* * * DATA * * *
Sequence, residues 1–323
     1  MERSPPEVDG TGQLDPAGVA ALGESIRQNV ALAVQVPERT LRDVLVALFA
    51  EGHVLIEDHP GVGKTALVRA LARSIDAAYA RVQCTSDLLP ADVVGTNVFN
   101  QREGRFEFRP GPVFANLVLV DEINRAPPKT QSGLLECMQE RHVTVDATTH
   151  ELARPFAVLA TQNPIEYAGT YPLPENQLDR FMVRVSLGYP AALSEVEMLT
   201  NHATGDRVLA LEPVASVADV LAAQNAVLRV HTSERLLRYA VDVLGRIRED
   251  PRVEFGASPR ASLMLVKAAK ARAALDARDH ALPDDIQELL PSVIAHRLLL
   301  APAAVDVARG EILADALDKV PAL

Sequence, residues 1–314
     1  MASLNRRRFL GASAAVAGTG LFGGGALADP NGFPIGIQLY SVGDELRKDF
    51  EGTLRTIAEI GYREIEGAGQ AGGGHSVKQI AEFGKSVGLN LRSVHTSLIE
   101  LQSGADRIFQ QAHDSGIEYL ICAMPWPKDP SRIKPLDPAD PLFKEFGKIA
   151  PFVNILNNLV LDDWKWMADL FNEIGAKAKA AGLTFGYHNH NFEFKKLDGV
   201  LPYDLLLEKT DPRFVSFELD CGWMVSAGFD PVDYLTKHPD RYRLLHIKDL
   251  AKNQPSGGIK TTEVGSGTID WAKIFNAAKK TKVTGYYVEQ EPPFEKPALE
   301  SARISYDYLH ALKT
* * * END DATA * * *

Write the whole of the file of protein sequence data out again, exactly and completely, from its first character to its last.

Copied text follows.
Sequence, residues 1–323
     1  MERSPPEVDG TGQLDPAGVA ALGESIRQNV ALAVQVPERT LRDVLVALFA
    51  EGHVLIEDHP GVGKTALVRA LARSIDAAYA RVQCTSDLLP ADVVGTNVFN
   101  QREGRFEFRP GPVFANLVLV DEINRAPPKT QSGLLECMQE RHVTVDATTH
   151  ELARPFAVLA TQNPIEYAGT YPLPENQLDR FMVRVSLGYP AALSEVEMLT
   201  NHATGDRVLA LEPVASVADV LAAQNAVLRV HTSERLLRYA VDVLGRIRED
   251  PRVEFGASPR ASLMLVKAAK ARAALDARDH ALPDDIQELL PSVIAHRLLL
   301  APAAVDVARG EILADALDKV PAL

Sequence, residues 1–314
     1  MASLNRRRFL GASAAVAGTG LFGGGALADP NGFPIGIQLY SVGDELRKDF
    51  EGTLRTIAEI GYREIEGAGQ AGGGHSVKQI AEFGKSVGLN LRSVHTSLIE
   101  LQSGADRIFQ QAHDSGIEYL ICAMPWPKDP SRIKPLDPAD PLFKEFGKIA
   151  PFVNILNNLV LDDWKWMADL FNEIGAKAKA AGLTFGYHNH NFEFKKLDGV
   201  LPYDLLLEKT DPRFVSFELD CGWMVSAGFD PVDYLTKHPD RYRLLHIKDL
   251  AKNQPSGGIK TTEVGSGTID WAKIFNAAKK TKVTGYYVEQ EPPFEKPALE
   301  SARISYDYLH ALKT